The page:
Image analysis was performed in ImageJ (NIH, Bethesda MD). The average fluorescence signal in the ischemic area of the myocardium (defined in those hearts not injected with microspheres as the region between the upper and lower right ventricular insertion points) was compared to that in the non-ischemic septum (Figure 1B). The contrast to noise ratio (CNR) between these two zones was calculated as: CNR= (Signalischemic – Signalnon-ischemic)/standard deviationnoise.15 Automated segmentation of the Annexin-V and TTC images was performed in ImageJ by using a signal intensity threshold greater than 2 standard deviations above that in the non-ischemic septum. The AAR in the fluorescent microsphere images was segmented manually.

In vivo Imaging

FMT-CT was performed in mice with IR+preRAP (n=7) and IR (n=7) four hours after reperfusion and the intravenous injection of 5 nmol of CAF-680. CT imaging was performed on a commercial Micro PET-CT system (see supplement). The mice were transferred from the CT to the FMT system while still anesthetized and held in position in a plexiglass holder.

In vivo FMT was performed with the 680/700 nm excitation/emission filter setting on a commercial FMT system (Perkin Elmer). 26 frontal slices of 0.5 mm thickness in the z-direction, with an in-plane resolution of 1 × 1 mm2, were acquired. Data were post-processed with a normalized Born forward equation to reconstruct 3-dimensional fluorochrome concentration distribution maps for quantification, as described previously.15 Fusion of 3D fluorescence and CT datasets was performed offline using the fiducial landmarks on the frame of the plexiglass holder (see supplement).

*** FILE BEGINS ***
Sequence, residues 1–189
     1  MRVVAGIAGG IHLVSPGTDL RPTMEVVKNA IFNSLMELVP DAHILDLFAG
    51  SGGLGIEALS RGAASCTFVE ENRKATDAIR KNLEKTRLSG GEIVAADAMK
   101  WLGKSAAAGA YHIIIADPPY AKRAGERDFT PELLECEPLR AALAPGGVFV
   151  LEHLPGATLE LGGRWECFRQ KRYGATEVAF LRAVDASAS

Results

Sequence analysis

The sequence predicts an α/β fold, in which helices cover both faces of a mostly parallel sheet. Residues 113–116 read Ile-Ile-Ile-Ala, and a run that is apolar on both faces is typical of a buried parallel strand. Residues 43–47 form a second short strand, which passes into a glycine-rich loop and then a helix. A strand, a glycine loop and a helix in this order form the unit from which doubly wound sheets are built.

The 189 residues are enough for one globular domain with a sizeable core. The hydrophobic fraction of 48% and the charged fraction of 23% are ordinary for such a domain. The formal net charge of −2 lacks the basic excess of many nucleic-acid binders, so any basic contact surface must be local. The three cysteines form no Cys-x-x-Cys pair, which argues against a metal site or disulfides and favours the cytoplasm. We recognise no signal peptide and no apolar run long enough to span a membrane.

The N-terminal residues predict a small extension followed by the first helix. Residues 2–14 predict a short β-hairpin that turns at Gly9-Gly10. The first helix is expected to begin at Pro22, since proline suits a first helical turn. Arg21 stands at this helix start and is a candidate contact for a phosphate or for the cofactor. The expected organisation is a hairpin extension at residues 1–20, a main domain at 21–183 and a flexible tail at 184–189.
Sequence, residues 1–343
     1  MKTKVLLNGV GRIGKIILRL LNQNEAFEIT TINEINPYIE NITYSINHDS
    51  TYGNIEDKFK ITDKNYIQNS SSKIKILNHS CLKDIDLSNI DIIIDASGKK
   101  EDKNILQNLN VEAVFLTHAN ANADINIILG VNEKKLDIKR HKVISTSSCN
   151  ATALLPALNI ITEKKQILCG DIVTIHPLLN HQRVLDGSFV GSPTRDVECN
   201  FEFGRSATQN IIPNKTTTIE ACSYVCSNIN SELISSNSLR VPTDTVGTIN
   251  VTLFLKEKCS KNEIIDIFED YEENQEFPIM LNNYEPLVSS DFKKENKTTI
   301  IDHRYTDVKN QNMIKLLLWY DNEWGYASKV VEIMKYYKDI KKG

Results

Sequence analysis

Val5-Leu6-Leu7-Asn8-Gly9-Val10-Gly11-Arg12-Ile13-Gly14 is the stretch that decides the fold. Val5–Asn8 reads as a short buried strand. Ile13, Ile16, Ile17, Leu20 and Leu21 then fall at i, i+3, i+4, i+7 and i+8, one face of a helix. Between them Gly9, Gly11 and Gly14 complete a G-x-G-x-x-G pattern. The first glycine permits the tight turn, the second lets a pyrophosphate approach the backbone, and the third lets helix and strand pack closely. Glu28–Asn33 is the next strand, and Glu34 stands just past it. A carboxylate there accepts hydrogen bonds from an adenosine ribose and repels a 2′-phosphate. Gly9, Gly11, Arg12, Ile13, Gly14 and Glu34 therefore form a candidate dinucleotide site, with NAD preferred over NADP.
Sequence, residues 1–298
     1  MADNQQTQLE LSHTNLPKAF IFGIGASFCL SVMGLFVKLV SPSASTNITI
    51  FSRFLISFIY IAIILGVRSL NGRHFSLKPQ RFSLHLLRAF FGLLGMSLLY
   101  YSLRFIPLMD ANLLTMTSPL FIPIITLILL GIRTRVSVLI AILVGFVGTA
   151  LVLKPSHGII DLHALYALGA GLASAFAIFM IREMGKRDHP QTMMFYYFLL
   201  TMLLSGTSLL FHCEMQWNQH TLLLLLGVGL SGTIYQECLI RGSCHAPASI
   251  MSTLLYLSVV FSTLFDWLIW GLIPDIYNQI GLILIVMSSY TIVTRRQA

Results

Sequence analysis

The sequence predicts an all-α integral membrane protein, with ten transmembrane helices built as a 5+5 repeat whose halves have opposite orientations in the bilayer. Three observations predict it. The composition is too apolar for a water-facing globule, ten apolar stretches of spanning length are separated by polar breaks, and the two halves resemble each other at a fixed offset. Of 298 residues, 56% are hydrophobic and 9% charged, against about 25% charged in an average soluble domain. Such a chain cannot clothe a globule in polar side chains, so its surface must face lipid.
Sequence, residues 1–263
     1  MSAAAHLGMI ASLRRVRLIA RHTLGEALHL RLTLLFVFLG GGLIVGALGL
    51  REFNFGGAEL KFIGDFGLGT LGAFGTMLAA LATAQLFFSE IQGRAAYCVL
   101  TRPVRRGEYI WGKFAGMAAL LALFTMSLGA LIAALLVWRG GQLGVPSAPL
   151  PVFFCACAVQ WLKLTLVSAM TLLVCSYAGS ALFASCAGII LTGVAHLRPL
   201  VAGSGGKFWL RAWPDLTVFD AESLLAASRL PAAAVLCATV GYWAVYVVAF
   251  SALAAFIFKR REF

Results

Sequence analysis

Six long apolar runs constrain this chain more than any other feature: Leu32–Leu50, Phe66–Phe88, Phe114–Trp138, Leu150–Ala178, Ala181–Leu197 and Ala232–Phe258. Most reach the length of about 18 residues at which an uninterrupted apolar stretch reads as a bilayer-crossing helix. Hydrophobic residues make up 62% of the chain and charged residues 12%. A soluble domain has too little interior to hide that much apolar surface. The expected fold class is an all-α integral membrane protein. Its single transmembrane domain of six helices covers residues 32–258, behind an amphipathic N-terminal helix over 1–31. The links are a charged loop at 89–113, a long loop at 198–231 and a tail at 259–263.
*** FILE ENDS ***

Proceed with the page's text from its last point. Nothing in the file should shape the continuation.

Microscopy

Following FMT, to determine the cellular and subcellular locations of CAF-680, the hearts of the IR+preRAP mice were excised and sectioned for confocal microscopy. Immunofluorescence staining of the lysosomal marker LAMP-2 was performed with a PE-conjugate antibody (SC-19991PE anti-mouse, Santa Cruz

Biotechnology, Santa Cruz CA) according to manufacturer’s instructions (see supplement). Subsequently CAF-680 fluorescence was excited with the 633 nm Helium-Neon laser and acquired with the 650 nm line-pass filter. Differential Interference Contrast (DIC) images were acquired as well to visualize cellular anatomy. The non-ischemic septum and the ischemic area of injury were defined by the RV insertion points. Fluorescence in the ischemic region was compared to that in the non-ischemic septum in two ways: 1) overall fluorescence intensity in each region normalized to area and, 2) the number of hyperintense fluorescence punctates in each zone normalized to area. Colocalization of the CAF-680 and LAMP-2 signals was quantified using ImageJ.

In Vitro Studies

To further elucidate the mechanism of the enhanced CAF-680 activation by rapamycin, a series of experiments were performed on CHO and H9C2 cells (ATCC, Manassas VA). Cathepsin activity in control cells, and cells exposed to rapamycin, was determined using a commercial fluorometric assay (see supplement).